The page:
Groups Seek to End Legal Hiring Bias by Religious Charities
Friday, September 18, 2009
Nearly 60 groups concerned with civil rights, labor, health and education urged Attorney General Eric H. Holder Jr. on Thursday to renounce a Bush-era memo allowing religious charities that receive federal grant money to discriminate in hiring.
The groups signing the letter include the Anti-Defamation League, Americans United for Separation of Church and State, the Leadership Conference on Civil Rights and the NAACP. It asks the Justice Department to withdraw a legal finding that they say stands as "one of the most notable examples of the Bush administration's attempt to impose a constitutionally questionable and unwise policy."
The intersection of church and state is posing a political challenge for the Obama administration, which is trying to balance pressure from traditional Democratic constituencies with a desire to find common ground on social issues. Earlier this year, President Obama issued an executive order reinforcing the need for the White House Office of Faith-Based and Neighborhood Partnerships, but he left the religious hiring issue unaddressed.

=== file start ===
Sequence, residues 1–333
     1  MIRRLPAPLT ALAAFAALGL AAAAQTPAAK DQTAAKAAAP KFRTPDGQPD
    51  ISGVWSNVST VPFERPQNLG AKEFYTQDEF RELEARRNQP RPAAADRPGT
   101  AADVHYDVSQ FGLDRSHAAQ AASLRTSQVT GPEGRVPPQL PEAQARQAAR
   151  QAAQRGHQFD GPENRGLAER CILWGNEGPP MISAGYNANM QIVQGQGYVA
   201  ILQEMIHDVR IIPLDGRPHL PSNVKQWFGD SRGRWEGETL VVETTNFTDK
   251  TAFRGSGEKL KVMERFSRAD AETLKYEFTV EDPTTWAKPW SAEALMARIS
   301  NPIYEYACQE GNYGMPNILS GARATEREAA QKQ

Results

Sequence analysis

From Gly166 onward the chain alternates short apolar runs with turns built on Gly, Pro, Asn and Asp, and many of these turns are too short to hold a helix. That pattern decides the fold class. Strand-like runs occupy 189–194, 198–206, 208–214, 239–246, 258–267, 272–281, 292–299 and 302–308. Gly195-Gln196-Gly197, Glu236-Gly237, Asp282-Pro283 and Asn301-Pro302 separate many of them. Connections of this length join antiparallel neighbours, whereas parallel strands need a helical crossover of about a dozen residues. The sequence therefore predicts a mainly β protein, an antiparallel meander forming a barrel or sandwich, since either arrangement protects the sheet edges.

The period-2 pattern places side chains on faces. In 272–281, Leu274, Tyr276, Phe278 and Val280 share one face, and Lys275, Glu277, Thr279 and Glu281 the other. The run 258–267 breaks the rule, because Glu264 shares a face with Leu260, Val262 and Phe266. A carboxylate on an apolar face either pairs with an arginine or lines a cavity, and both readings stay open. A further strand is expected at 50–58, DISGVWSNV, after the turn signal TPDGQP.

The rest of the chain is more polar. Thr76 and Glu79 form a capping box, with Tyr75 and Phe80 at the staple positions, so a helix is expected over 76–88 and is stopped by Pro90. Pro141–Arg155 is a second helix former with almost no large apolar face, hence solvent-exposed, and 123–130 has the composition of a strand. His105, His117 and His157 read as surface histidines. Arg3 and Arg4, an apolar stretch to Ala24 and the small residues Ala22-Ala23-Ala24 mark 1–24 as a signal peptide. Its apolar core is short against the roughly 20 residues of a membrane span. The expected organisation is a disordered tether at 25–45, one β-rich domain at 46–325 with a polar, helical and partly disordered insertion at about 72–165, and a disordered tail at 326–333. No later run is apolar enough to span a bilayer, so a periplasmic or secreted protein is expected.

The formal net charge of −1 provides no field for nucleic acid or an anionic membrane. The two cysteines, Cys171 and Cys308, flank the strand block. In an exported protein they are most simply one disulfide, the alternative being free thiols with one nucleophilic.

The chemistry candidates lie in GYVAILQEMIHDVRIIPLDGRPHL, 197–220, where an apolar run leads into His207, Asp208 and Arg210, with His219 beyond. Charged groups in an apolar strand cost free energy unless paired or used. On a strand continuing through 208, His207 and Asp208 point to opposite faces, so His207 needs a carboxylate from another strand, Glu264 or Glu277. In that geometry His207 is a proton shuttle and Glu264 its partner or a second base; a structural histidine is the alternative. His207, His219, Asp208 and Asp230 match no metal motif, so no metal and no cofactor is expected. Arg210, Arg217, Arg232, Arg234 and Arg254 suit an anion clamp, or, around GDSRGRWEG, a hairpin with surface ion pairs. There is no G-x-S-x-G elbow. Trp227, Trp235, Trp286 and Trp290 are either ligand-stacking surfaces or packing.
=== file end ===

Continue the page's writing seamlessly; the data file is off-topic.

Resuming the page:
Spokesmen for the Justice Department and the White House counsel had no immediate comment on the request.
The groups, which include a who's who of religious denominations and civil rights advocates, want the president to fulfill a campaign pledge last year in which Obama said that he would curtail federal funding to religious organizations that proselytize and that hire only people who are members of the same faith.
The groups have taken aim at a 2007 memo by the Bush Justice Department's Office of Legal Counsel, which carved out an exemption under employment discrimination law that allowed the Christian charity WorldVision to receive a $1.5 million grant to prevent juvenile delinquency.
"The guidance in the OLC memo is not justified under applicable legal standards and threatens to tilt policy toward an unwarranted end that would damage civil rights and religious liberty," the coalition's letter said.
Representatives for WorldVision, a Washington state group that supports aid efforts in 100 countries, argue that interference in the group's hiring will damage its identity and mission. They, too, have been making their case to the White House as a member of a presidential advisory panel.